“For the Siege of Khartoum”
… an ad-hoc award for one of the most famous sieges in British military history
Many people who are not so familiar with the detail of Britain’s military history tend to have heard the name of ‘Gordon of Khartoum’ – much as they might recognise ‘Lawrence of Arabia’ as a term. General Charles Gordon’s skilful but ultimately unsuccessful defence of Khartoum, the administrative capital of the Egyptian province of the Sudan in 1884-85, became one of the most famous incidents of its day. ‘Chinese’ Gordon’s investment in the city led to the belated dispatch of the Nile Expedition under Sir Garnet Wolseley which, despite fighting serious actions at Abu Klea, Gubat and Kirbekan, failed to rescue Gordon and save the Egyptian garrison and inhabitants of Khartoum; in January 1885 the city fell to the Islamic forces of Mohammed Ahmed, known as ‘the Mahdi’, Gordon was killed and the city devastated.
The British campaign medals awarded to Wolseley’s force are a popular area of collecting, especially those for the battle of Abu Klea, but as a long-serving professional soldier, Gordon was very aware of the value of medals and decorations as rewards and a means of raising morale.
One of the medallic survivors of the siege is the Khartoum Siege Medal or Star, a poignant reminder of what was an historic and, for one side, ultimately tragic event. Gordon decided early in the siege that awarding medals to the hard-pressed garrison and also to some of the unfortunate citizens who were trapped in the city, might raise morale and encourage further effort. As the siege tightened and circumstances in the city worsened, with acute food shortages and outbreaks of disease, such rewards took on an increasingly valuable role.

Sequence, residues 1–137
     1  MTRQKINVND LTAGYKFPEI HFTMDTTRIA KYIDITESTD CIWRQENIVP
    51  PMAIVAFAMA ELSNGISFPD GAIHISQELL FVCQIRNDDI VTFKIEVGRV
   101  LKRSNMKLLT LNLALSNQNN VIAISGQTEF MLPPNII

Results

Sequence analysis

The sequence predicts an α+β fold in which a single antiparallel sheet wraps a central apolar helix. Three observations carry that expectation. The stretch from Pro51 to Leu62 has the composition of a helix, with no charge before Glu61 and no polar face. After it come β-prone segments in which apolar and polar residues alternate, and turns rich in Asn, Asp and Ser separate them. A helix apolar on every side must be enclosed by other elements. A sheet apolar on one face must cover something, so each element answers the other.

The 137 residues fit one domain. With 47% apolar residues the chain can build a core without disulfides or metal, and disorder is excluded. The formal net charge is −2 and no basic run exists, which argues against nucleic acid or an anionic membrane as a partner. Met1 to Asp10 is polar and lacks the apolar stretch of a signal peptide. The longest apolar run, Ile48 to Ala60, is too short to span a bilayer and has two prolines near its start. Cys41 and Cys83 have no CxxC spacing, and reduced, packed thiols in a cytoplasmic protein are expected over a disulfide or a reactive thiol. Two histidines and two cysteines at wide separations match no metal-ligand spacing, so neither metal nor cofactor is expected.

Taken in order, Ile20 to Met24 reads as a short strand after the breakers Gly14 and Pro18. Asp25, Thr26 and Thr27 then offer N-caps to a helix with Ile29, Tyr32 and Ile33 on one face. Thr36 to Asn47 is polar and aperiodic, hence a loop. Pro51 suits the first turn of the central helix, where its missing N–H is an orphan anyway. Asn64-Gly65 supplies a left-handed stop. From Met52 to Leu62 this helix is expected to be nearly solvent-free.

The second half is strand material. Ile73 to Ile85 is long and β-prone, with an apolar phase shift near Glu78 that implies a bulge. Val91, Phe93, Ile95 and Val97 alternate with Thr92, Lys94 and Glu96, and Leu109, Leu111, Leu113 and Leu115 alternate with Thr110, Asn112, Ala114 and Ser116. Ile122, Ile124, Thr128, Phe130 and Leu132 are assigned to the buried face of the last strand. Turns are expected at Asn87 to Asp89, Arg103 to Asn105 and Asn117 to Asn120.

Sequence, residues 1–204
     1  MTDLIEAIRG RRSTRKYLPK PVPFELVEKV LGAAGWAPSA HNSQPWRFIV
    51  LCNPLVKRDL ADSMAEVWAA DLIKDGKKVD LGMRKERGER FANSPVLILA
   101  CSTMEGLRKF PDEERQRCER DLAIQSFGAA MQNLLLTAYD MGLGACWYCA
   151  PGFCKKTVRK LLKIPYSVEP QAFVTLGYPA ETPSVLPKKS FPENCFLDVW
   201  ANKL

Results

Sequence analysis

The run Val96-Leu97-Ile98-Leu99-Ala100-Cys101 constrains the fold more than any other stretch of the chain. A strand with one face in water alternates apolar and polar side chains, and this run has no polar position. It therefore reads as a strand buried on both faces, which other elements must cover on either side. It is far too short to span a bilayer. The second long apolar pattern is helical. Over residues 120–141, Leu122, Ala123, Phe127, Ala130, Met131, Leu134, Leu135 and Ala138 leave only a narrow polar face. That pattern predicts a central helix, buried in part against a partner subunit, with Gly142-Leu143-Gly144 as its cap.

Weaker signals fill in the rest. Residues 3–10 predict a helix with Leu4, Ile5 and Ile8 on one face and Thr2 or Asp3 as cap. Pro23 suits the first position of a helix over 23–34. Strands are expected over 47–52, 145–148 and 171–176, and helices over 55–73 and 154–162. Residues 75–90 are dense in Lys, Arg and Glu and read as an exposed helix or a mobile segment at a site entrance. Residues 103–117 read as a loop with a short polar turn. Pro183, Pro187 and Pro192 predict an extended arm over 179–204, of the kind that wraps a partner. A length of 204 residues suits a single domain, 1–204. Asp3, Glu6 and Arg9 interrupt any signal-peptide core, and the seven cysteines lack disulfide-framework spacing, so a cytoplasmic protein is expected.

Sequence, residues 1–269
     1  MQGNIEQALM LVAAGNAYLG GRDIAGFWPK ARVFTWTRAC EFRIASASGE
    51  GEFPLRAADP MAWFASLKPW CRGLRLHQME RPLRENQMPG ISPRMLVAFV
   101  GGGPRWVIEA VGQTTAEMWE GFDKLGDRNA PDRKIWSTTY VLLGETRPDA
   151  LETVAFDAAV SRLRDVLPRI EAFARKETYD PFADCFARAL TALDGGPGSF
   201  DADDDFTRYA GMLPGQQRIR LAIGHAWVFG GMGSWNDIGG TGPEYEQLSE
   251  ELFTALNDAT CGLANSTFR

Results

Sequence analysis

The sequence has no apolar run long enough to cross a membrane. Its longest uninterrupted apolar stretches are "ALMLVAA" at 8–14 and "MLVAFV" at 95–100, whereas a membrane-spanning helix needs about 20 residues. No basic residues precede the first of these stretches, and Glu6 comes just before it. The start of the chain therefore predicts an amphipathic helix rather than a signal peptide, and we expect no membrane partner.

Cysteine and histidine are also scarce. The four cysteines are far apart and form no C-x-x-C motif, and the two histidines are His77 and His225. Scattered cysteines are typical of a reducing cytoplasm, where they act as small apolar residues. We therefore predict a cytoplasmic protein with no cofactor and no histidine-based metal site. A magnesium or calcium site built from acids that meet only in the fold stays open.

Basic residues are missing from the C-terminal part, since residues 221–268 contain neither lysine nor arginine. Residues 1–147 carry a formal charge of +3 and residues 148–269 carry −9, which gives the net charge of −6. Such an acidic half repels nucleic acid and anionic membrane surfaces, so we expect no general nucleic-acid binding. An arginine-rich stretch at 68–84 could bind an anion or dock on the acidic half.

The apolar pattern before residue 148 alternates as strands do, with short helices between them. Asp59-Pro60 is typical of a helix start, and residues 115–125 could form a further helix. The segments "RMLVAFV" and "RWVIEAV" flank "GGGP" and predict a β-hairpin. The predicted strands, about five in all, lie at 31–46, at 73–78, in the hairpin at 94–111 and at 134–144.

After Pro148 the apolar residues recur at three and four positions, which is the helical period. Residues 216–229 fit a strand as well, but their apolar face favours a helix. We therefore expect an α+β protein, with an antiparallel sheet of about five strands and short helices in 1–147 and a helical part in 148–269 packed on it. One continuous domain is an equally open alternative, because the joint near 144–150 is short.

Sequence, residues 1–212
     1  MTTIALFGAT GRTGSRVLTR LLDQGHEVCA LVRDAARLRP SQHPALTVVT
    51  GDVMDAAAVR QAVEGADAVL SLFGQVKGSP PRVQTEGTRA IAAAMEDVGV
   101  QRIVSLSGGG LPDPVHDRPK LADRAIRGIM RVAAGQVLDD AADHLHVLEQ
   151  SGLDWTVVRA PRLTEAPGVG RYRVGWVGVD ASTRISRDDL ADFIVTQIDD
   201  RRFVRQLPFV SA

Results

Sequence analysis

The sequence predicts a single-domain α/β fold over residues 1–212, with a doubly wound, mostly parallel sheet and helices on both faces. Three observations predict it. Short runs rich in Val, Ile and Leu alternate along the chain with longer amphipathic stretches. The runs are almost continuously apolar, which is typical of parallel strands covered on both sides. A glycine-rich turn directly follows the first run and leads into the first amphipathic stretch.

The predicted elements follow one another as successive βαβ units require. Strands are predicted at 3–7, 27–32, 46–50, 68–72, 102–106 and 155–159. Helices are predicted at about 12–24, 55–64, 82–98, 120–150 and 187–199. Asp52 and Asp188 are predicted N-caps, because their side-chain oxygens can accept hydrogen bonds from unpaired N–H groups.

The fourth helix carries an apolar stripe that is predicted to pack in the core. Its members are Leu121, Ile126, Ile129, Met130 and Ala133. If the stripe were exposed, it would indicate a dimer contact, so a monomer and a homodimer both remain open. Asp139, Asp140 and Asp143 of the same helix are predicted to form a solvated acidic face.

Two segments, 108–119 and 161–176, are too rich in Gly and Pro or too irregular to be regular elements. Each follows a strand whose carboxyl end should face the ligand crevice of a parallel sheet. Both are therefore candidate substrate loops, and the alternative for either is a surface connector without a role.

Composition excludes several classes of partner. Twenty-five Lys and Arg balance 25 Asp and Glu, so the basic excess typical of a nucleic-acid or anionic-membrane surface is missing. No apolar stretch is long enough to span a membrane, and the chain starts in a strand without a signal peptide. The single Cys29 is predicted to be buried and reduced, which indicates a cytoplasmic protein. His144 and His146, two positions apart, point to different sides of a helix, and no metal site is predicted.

After the siege, a surviving native officer wrote that, the design of the decoration was drawn by General Gordon himself in Khartoum. He then caused several goldsmiths to cast a model from the drawing, and then he chose the best one. He had a whole number of decorations struck under his supervision. The chosen producer was one of the city’s leading goldsmiths, Bishara Abdul Malik (or Molak). As early as February 1884, Gordon wrote to the British consul in Egypt, Sir Evelyn Baring: We are making decorations for the defence of Khartoum – a crescent and a star, with words from the Koran and date, so we can count on victory – officers silver, men copper. You will not be asked to pay for them. This proposed design was never adopted. However, on July 30th he sent Baring another letter, in which he wrote, We have made a decoration with three degrees, silver-gilt, silver and pewter, with inscription, ‘Siege of Khartoum’, and with a grenade in centre. School children and women have also received one. He repeated these details in a letter to General Wolseley in November 14th. The central grenade device (which looks like a simple boss in most examples) may have been inspired by Gordon’s Royal Engineer insignia. The earliest known contemporary illustration of the decoration occurred in Gordon and the Mahdi—an illustrated narrative of the Sudan War, a cheap booklet published to cash in on the mood of the moment in 1885.
The award – interestingly designated as a ‘decoration’ by Gordon – was clearly based on the badge of the Ottoman Order of the Medjidieh. The awards were sand-cast in the various metals, most commonly in pewter, and all are inevitably fairly crude in form. The central band on the obverse of the original was altered to include the wording (in Arabic) The Siege of Khartoum with Islamic year 1301 AH (= 1883/84). The reverse was completely plain (they are not found named) and is generally concave. The medal was 60mm in diameter but because of the sand-casting process, sizes vary slightly due to metal shrinkage and the detail on the medal is sometimes not very sharp. The loose crescent-and-star suspension was also taken from the Medjidieh but is rather fragile and often missing or replaced with a more robust type.